What is Ask Dr. Miller?

Welcome to “Ask Dr. Miller”.  I am here to answer your questions about Deep Healing and Mind/Body Medicine. In a world besieged by specialists, my goal has been to address that little something that has disappeared from most specialties—the patient!  Send in your questions to [email protected] and I will answer your questions and they may appear on my YouTube.com channel or as a Free Podcast.  All personal information will be kept confidential.

Ask Dr. Miller: What does it mean to ‘Heal the System’?

Deep Healing emphasizes the systemic nature of healing. If a man strikes his wife, opening a large cut in her head, a few stitches and a little time will result in the closing of that wound—and there’s been some healing, but not a complete healing. More would be necessary to heal the trauma to the woman’s emotion. And, what about the man? He is not healthy; he is ill, as indicated by his dysfunctional behavior, and he needs healing work. Neither can heal alone, and come to a healthy balance. And then, the healing of the relationship is another thing.

Another example—a man is bleeding from the mouth. Only a fool would imagine that stuffing cotton balls in his mouth and bandaging it would solve the problem. Instead, he goes to the hospital, where an x-ray shows that he is bleeding from an ulcer in his stomach. We have a tendency to think of the ulcer as the disease, and might attempt to cure it by surgically removing it.

On the other hand we might take a history from the man and find out that each day he takes a dozen aspirin and drinks a fifth of Vodka. Suddenly we see that the ulcer was but a symptom, and although the surgery cures the ulcer, healing has not taken place and he will likely be back within the year with another ulcer. His behavior is the source of the symptom, and it might be wise to treat his behavior, not just his stomach.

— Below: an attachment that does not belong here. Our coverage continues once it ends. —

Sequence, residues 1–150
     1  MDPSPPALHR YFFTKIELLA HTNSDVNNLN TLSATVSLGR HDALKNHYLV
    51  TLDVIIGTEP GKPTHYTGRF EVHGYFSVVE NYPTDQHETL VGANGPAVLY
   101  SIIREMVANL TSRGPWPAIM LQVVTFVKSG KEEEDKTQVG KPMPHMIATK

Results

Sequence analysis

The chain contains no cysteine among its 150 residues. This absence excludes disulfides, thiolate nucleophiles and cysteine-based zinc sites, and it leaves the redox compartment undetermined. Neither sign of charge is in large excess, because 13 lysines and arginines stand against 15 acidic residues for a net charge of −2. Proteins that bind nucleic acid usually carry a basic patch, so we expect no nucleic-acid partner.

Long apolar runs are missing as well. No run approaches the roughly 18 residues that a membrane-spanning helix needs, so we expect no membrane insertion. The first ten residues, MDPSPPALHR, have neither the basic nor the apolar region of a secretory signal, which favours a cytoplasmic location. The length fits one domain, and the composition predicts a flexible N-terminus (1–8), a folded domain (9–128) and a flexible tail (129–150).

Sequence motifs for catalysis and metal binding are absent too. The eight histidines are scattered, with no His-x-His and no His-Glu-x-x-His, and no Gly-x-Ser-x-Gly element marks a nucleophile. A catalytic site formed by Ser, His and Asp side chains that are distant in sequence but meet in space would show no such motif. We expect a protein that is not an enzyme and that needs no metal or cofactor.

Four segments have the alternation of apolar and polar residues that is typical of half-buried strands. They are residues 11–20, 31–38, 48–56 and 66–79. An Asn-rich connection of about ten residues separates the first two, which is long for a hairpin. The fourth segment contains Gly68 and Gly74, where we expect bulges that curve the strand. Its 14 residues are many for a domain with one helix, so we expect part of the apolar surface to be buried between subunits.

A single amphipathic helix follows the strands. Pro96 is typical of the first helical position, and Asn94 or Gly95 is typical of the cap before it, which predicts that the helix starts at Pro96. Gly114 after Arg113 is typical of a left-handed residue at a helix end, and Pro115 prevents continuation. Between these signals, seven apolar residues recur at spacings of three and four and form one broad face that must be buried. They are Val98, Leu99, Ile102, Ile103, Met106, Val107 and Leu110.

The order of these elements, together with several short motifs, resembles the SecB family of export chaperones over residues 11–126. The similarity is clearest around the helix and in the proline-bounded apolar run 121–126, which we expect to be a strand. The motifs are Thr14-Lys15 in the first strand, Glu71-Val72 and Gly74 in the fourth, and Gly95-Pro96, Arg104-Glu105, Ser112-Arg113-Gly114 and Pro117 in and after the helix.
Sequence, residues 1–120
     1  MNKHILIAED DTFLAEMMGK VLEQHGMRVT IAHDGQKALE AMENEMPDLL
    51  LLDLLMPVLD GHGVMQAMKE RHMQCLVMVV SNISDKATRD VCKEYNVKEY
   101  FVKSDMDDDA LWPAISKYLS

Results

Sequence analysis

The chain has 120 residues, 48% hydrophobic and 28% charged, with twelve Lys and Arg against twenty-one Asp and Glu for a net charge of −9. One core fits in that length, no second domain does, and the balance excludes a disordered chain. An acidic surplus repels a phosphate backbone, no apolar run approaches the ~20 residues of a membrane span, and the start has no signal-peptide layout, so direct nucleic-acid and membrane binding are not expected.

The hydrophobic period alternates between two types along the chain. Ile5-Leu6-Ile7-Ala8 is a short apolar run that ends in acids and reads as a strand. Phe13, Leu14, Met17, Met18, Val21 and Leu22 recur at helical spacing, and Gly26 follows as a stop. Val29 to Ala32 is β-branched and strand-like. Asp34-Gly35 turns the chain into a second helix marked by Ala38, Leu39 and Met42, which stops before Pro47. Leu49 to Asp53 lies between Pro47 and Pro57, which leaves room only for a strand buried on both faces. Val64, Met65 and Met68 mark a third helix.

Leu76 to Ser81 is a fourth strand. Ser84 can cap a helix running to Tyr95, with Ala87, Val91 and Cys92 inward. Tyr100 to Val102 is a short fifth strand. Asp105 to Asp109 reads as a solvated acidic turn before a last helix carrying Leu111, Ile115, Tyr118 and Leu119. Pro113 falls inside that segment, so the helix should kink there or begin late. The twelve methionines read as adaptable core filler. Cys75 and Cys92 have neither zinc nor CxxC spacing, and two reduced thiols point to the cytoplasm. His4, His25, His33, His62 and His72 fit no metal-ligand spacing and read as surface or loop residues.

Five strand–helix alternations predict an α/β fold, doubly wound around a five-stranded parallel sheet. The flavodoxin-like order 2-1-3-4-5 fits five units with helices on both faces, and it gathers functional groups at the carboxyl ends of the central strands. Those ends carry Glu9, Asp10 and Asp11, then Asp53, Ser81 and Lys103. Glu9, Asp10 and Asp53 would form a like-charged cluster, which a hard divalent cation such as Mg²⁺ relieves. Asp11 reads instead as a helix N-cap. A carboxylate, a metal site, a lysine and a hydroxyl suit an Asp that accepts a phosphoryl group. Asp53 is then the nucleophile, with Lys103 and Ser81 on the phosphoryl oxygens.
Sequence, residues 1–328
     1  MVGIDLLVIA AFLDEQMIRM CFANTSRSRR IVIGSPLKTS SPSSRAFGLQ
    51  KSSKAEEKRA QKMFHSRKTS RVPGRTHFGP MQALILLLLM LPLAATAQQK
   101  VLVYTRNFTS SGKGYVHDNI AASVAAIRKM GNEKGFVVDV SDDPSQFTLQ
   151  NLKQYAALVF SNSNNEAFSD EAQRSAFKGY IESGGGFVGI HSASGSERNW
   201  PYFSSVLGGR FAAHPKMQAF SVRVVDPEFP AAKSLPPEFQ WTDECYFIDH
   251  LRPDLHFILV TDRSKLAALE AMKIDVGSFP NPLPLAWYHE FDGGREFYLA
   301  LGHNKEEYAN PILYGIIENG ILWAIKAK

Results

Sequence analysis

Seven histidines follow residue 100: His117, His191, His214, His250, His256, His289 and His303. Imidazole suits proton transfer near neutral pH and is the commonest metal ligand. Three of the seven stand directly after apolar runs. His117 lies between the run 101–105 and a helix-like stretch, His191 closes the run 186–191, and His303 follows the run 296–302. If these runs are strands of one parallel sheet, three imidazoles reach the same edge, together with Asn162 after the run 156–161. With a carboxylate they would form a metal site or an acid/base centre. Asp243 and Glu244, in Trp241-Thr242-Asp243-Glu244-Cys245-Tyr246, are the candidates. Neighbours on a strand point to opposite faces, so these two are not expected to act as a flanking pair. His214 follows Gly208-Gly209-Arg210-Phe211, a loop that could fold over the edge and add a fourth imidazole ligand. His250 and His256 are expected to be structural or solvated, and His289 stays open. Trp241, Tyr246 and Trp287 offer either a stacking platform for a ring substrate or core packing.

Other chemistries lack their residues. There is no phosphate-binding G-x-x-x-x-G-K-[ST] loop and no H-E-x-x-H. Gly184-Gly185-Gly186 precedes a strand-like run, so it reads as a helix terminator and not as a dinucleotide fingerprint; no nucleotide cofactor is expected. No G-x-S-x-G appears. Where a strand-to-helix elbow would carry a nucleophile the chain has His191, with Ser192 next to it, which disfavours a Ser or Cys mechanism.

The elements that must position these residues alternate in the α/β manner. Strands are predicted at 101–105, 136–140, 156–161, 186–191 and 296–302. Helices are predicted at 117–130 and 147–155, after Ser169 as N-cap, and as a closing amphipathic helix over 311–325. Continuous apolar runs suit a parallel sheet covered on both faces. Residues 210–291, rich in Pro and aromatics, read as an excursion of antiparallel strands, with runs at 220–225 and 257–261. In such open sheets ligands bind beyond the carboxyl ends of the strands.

Then we might ask why he is consuming these highly irritating substances—and learn that he feels great guilt for having been disloyal in an important relationship, that he drinks to relieve his inner pain and takes aspirin to relieve his hangover. If our treatment aims to help him learn a better way to deal with his inner conflicts, our healing is even deeper, as we aim ever closer to the source of his problems, which clearly extend to many levels of his system, not just the upper GI bleeding.

On the external level there are those relationships that need healing—our primary relationships, family relationships, and our relationships in our community or work place. In addition to these relationships, deserving as they are to be healed and brought to high levels of performance, we also know that our individual health cannot be maximized in the absence of healthy relationships. In fact, experiments have shown that a person’s health or disease is directly related to the quality of his/her relationships!

Please send your questions to [email protected]!

In Peace,

Ask Dr. Miller: Why Balance Emotions?

August 18, 2010 by EMiller
Filed under Ask Dr. Miller

Ask Dr. Miller: Dealing with Stress in the World Today